Omaha’s Orpheum Theater was designed to impress. Those vaulted, gilt ceilings. The 1920s Czech crystal chandeliers and gold leaf and ivory finishes. Its similarities to the Hall of Mirrors in Versailles are intentional. The Orpheum’s architects were inspired by the French Renaissance.
But, the French weren’t the sole inspiration.
The architectural styles found within the Orpheum Theater are as eclectic as the performances on stage. Designed to be a vaudeville house in 1927 by the firm Rapp and Rapp, lush Louis XIV influences mingle and complement other styles, particularly Italian. Look up as you enter the Orpheum by the ticket booth and inside the second set of entry doors. The French grandeur blends with urns and grapes typical of Italian architecture on the ceilings.
“What the audience sees is Rapp and Rapp’s interpretations,” says Ed Hurd, who has spent several years researching the history behind the theater. He calls them interpretations because burgundy draperies and some chandeliers inside aren’t typical of French Renaissance design.
Other architectural elements sneak in elsewhere, such as a 1920s Greek Romanesque feel in the Exhibition Lobby and English-looking flowers and symmetrical design found on the ceiling by the ticket booth.
Hurd, as the performance rental director for Omaha Performing Arts, the nonprofit that manages the theater, started digging into the story of the Orpheum in order to better sell the venue to touring artists. The strategy has worked. “Without exception, the artists are amazed by the quality of this theater and the beauty,” says Joan Squires, president of Omaha Performing Arts.
“Omaha’s really lucky this place didn’t meet the wrecking ball.” Ed Hurd
Most of the elements found in the theater’s lobbies and its concert hall are original to the building, including the furniture, wrought iron grill work, draperies, marble, plaster sculpture, and the terra-cotta drinking fountains.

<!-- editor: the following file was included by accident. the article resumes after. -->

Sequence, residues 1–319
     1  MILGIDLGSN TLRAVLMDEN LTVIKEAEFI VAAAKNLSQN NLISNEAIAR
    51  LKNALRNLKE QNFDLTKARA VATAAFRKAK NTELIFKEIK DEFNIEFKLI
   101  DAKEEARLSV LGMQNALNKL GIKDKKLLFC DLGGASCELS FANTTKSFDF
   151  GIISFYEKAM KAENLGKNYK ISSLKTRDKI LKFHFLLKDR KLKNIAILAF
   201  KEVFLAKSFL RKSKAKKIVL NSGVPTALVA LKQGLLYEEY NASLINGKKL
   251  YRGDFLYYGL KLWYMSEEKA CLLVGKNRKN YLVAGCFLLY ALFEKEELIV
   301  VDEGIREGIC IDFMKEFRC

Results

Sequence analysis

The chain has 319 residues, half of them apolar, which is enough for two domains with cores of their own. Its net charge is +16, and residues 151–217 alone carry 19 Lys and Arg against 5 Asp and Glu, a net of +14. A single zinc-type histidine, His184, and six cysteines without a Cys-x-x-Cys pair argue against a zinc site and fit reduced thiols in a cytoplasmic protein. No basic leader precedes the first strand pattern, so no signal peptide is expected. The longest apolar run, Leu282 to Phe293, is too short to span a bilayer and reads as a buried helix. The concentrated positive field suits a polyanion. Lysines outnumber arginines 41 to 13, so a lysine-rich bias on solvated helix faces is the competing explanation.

It wasn’t always so well maintained.
“Omaha’s really lucky this place didn’t meet the wrecking ball,” says Hurd.
In 1971, the theater had fallen into disrepair—nets under the ceiling kept plaster from falling on the audience. The following year, the building was purchased and donated to the City of Omaha and renovations began. The lobby space grew and a permanent concession area was added. While the city still owns the building, Omaha Performing Arts assumed management in 2002 and began its own extensive renovations. While heavy duty work has been done backstage and on-stage, plenty has been improved in the front of house.
That’s where James Bond comes in. Not THAT James Bond. The James Bond of Custom Artistic Finishes in Omaha, who has been touching up the Orpheum’s interior for years. He was hired to restore and accurately reflect what the building was like, says Squires. The fact that no one notices his touch-ups reflects the quality of his craftsmanship.
Bond is a former artistic apprentice to Salvatore Nespolo, the lead foreman on the original Orpheum renovation in the 1970s. He meticulously applied gold leafing, or gilding, throughout the bottom floor of the Orpheum, restoring the luster once tarnished by smoke damage. The extensive retexturing and color matching on the Lauritzen Lobby ceiling is another example.
“I’m very proud of every bit of the work I’ve done here,” says Bond.
Through the hard work of Bond and others, the ornate theater’s appearance has been restored to the level it deserves.
“What saved this building is the love people have for it,” says Hurd. 60-Plus in Omaha.